2/ He sees Scouting as a Christian organisation, which we know ios the case with a great many leaders in the movement.
    TSA has changed (along with our society), and he needs to accept that. I think a good parallel is when Scouts stopped being male-only. Yes, you can debate it, but at some point you just have to accept it and move on. We wouldn't tolerate a leader being dismissive of girls just because it used to be a male-only organisation, so I don't feel we should accept leaders being openly dismissive of other religions in Scouting.

    3/ He has baulked at the portrayal of his Christian Scouting Association as something that endorses aspects of life that he and his beliefs do not agree with, something again that I have seen many times.
    I'm not sure how the article 'endorses aspects of life that he and his beliefs do not agree with'. If he doesn't accept that people of other faiths should be able to join TSA and express their faith, then I think that would be a bar to membership.

    4/ He voiced those concerns in a legitimate letter to Scouting magazine, and was, as a result, dismissed. - If every leader who voiced such concerns around a late night campfire, or at the pub, were to be dismissed there would be a lot fewer leaders and the shortages of help would escalate.
    Indeed. Just as I can say fairly rude things about my boss down the pub with my mates, but would be sacked fairly quickly if I emailed them to my employer. It's not like he wrote a private letter which was then exposed. Even if the letter wasn't intended for publication, it was written to the official magazine of TSA. If an organisation has written proof of someone being offensive, it would be negligent for them to ignore it. If this man does not realise that being offensive in a letter to the organisation is inappropriate, you've got to question how appropriate his comments are in other contexts.

    In return he has been ridiculed, without consideration of HIS beliefs - so it has become fair game to stick the boot in to those whose beliefs we do not agree with. (I don't agree with them, but I don't agree with a lot of stuff)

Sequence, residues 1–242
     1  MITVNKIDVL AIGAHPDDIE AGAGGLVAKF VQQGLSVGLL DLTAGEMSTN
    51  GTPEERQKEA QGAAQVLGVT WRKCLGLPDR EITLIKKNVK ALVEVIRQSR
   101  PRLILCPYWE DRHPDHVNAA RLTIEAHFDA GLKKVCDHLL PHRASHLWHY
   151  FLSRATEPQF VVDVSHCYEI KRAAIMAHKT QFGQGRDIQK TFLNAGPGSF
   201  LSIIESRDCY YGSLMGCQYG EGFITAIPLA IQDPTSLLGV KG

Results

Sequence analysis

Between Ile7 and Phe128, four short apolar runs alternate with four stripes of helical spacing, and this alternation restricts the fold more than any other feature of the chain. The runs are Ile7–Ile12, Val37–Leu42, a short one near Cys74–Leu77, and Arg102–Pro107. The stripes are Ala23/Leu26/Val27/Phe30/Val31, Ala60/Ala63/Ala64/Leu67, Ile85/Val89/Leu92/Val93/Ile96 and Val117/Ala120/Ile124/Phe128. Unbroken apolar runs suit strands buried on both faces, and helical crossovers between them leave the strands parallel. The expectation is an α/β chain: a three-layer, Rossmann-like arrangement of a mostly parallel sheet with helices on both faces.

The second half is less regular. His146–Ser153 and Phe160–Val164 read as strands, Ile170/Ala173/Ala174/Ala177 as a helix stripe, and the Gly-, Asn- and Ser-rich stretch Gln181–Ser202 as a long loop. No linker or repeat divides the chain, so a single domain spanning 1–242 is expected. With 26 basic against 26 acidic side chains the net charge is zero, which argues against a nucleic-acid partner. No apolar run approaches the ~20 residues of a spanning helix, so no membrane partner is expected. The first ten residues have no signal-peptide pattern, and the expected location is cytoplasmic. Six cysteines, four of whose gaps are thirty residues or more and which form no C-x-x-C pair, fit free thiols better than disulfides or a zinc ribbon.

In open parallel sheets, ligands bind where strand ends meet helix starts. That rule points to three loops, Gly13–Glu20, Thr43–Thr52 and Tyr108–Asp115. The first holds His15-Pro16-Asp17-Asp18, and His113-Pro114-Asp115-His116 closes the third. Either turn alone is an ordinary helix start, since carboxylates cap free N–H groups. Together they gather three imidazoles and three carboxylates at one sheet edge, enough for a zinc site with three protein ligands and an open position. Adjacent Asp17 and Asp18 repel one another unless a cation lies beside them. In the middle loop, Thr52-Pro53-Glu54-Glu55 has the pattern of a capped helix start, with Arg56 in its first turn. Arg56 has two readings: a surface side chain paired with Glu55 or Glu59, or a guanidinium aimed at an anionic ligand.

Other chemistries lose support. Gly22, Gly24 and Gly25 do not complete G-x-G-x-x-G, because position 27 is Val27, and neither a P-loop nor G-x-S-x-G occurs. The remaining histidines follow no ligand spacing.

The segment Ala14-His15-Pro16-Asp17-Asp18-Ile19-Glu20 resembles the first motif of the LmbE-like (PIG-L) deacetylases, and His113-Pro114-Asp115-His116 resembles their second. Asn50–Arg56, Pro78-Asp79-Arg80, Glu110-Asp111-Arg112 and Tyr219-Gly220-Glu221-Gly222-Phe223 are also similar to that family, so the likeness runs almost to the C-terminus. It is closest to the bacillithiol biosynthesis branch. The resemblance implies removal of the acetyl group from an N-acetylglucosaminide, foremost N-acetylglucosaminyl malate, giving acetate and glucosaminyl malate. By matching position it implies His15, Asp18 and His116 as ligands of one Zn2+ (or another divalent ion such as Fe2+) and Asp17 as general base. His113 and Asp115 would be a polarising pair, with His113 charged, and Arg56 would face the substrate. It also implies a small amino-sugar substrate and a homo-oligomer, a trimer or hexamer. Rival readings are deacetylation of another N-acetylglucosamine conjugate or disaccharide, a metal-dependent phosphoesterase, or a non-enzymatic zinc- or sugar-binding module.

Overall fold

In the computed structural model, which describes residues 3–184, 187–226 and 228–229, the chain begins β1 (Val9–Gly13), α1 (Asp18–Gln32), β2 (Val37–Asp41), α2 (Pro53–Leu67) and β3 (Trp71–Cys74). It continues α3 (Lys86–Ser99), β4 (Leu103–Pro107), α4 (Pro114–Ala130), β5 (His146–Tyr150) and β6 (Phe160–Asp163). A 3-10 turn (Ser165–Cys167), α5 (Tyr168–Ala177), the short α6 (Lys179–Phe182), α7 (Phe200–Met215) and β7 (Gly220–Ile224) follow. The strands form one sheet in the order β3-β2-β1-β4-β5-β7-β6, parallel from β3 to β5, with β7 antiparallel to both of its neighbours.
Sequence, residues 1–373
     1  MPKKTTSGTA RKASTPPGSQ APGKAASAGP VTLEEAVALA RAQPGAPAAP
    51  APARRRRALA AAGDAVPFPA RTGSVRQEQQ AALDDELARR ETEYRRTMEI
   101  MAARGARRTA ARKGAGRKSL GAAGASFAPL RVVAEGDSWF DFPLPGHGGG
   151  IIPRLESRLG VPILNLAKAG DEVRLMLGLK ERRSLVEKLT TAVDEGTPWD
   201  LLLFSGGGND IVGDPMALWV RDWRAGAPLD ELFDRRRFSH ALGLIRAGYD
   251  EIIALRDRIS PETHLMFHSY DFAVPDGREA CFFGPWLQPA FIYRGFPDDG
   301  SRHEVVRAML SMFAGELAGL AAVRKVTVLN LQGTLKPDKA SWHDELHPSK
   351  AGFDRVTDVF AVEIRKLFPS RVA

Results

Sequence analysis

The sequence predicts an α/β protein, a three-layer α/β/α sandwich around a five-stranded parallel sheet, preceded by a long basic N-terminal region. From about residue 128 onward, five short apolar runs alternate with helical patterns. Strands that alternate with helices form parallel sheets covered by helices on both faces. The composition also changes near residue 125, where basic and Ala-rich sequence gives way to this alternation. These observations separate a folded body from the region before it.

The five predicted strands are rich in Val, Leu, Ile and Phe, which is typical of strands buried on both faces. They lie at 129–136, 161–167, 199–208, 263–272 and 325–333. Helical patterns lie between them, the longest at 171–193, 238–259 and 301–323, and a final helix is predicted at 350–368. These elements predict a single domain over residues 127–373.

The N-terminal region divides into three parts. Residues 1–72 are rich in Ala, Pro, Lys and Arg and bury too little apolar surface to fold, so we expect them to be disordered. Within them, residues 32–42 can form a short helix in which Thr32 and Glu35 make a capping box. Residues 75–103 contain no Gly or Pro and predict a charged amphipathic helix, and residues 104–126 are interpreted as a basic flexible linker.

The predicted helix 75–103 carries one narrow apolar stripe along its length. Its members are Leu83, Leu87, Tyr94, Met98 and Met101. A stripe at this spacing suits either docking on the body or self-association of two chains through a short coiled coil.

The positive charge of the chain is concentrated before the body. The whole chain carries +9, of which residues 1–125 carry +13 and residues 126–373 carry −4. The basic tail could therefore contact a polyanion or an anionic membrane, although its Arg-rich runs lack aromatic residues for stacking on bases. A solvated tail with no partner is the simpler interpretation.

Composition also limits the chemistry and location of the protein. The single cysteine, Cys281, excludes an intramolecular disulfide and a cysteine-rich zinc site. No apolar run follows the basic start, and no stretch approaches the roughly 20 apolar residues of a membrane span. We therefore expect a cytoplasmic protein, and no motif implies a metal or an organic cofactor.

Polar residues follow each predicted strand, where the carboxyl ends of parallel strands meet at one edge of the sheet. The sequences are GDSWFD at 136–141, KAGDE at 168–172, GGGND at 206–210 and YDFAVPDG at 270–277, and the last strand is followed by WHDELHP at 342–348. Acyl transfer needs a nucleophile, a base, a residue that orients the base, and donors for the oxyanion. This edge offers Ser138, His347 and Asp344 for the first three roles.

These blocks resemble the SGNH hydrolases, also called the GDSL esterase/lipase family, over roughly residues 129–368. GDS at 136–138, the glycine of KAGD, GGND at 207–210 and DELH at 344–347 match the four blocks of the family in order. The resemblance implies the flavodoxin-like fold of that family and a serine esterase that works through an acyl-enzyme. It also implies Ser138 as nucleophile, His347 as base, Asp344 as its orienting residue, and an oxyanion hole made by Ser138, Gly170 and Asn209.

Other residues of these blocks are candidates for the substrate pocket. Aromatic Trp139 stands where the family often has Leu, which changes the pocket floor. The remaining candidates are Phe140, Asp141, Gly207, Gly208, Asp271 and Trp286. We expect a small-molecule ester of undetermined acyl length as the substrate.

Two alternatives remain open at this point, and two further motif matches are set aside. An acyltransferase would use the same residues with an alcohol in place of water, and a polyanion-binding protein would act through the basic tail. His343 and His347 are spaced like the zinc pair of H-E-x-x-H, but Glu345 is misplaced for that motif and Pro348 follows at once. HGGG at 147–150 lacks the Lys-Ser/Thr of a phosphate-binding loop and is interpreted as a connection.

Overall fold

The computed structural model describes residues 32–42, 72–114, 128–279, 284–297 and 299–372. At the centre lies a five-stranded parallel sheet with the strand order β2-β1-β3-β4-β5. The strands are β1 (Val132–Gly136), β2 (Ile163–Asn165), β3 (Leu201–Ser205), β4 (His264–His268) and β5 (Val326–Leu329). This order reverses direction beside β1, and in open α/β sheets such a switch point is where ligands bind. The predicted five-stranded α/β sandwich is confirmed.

Our tolerance of everything has become an intolerance of the beliefs of those who take a "fundamentalist" line of thinking.
    Again, I don't really see what his beliefs have to do with this. I think his comments would be treated the same if he were an atheist with strong views against certain Islamic practices. Most Christians I know are very tolerant of people expressing other faiths, so I don't see how it's intolerant of his beliefs to punish him for these comments. While he and the Christian Legal Centre were very keen to say he was dismissed for his beliefs, it seems more like he was dismissed for his offensive comments.

    Whether immediate dismissal was an appropriate response I'm not sure, but I can't say I'm sorry that someone openly expressing those views in no longer a leader.

    Going back to the original Scouting magazine article, in some ways I feel it was a shame that the one Muslim leader in the article was so unrepresentative of British Muslims, in wearing a Niqab. The Niqab is worn by so few British Muslims, yet seems to dominate public discussion. There aren't any reliable figures for how many people wear it in the UK, but in France they tried to estimate how many people would be affected by the ban on wearing it in public. Their best guess was just 367 out of a female Muslim population of 1.5-2 million covered their faces*. I can see that the article demonstrated how inclusive Scouting is, but it may also have helped to perpetuate an impression that large numbers of Muslims wear the Niqab.


    * It seemed so crazy to have introduced a law affecting so few people, that they were told to count again and came up with an estimate of 1900. But there's no reason to think the second estimate is any more accurate than the first, and even what is probably a large overestimate still only represents 0.1% of female Muslims.

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    To be honest having stood beside someone going through the disciplinary process I can see how it easily pushes the "defendant" towards wanting to get even via legal action. As above at no stage does it feel like you are in a fair process. I know my mate consulted a solicitor in the midst of it but ultimately didn't pursue it - mostly because TSA just flatly blanked any request for information on what the allegation was. Ultimately those involved came to a similar conclusion to Ewan "Fine - stuff the lot of them, I'll give my time etc elsewhere" - both still do a lot of community work - they are and were good people who made mistakes.
    Does anyone know what's going on?

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  10. #111
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    Quote Originally Posted by RisingStar View Post
    Against that background of course he sued. He has no other recourse to address what he sees as a massive injustice. And the outcome, however pyrrhic is still something he can point to say he was right.
    I'm not sure. The outcome was that he accepted a pretty small payout to shut up and go away. TSA didn't accept they'd done anything wrong and he didn't get reinstated. I suspect the Christian Legal Service were after the publicity so initially funded the challenge, but were probably keen to settle once it'd got into the papers.

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    Quote Originally Posted by KingstonCubber View Post